Ken Connor

This is the animating principle behind opposition to hate crime legislation. Regardless of how this emotionally-charged debate might be portrayed in the media, the primary objection of critics of "hate crimes" is that such laws essentially criminalize thought or attitudes. In a society based in the rule of law, it is legitimate to punish a person when their conduct violates the life, liberty, or property of another. It is not legitimate, however, to punish that same person more severely if their crime was motivated by an unpopular or abhorrent ideology. Actions, not attitudes, are the proper province of government regulation.

As Chief Justice Roberts observed, hate speech can stir powerful emotions in us, prompting a desire for justice that clouds our ability to appreciate the higher principles involved. In a political and cultural atmosphere that becomes more and more contentious every day however, it is critical that we remain firm in our allegiance to the values that America was founded on. Unlike many other parts of the world – where open criticism of the predominant religion or reigning despot is likely to land a person in prison or worse – America is a land that has always stood as a bastion of liberty and a model of the democratic process in action. If a person or a group says something we don't like, we don't issue death threats, or take to the streets in violent protest, or lobby the state to crack down on our enemies. That's just not the American way.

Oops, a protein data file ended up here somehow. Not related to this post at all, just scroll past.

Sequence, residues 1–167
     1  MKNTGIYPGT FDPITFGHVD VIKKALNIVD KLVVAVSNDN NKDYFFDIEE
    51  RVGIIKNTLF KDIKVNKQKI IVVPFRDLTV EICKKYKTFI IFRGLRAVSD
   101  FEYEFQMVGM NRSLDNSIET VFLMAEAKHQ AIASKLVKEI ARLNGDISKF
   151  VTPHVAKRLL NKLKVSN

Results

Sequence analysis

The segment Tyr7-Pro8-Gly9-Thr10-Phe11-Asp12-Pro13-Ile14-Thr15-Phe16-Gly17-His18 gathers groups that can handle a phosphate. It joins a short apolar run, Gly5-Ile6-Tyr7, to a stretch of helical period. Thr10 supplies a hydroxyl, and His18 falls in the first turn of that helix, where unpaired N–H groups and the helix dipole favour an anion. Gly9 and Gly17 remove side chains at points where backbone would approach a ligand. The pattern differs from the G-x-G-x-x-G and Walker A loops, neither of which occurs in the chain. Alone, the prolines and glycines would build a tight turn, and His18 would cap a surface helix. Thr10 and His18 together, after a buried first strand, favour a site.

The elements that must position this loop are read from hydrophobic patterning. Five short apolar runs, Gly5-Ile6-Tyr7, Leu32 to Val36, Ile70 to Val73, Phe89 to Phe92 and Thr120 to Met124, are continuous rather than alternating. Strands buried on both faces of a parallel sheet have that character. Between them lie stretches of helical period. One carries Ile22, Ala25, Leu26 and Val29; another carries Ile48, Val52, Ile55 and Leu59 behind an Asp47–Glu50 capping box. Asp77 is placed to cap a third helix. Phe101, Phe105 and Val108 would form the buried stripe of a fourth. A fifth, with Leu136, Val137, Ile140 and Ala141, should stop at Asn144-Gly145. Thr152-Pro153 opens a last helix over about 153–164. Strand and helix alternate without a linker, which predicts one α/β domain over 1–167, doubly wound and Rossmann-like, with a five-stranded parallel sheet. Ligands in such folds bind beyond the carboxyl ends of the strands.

The American Legion's response to the Westboro Baptist Church's offensive activities is a perfect example of the American way in action. For six years, the Patriot Guard Riders have stood vigil at military funerals, acting as guardians for the fallen and their families and minimizing their exposure to the hateful protesters lining the funeral routes. In the wake of the Supreme Court's decision, the Legion has pledged to continue this work for as long as they are needed. Try as they might to garner attention with their hateful words, the Westboro Baptist Church's message will never resonate as loud as the message being sent by the Patriot Guard Riders. That is what makes America a great nation.


Ken Connor

Ken Connor is Chairman of the Center for a Just Society in Washington, DC.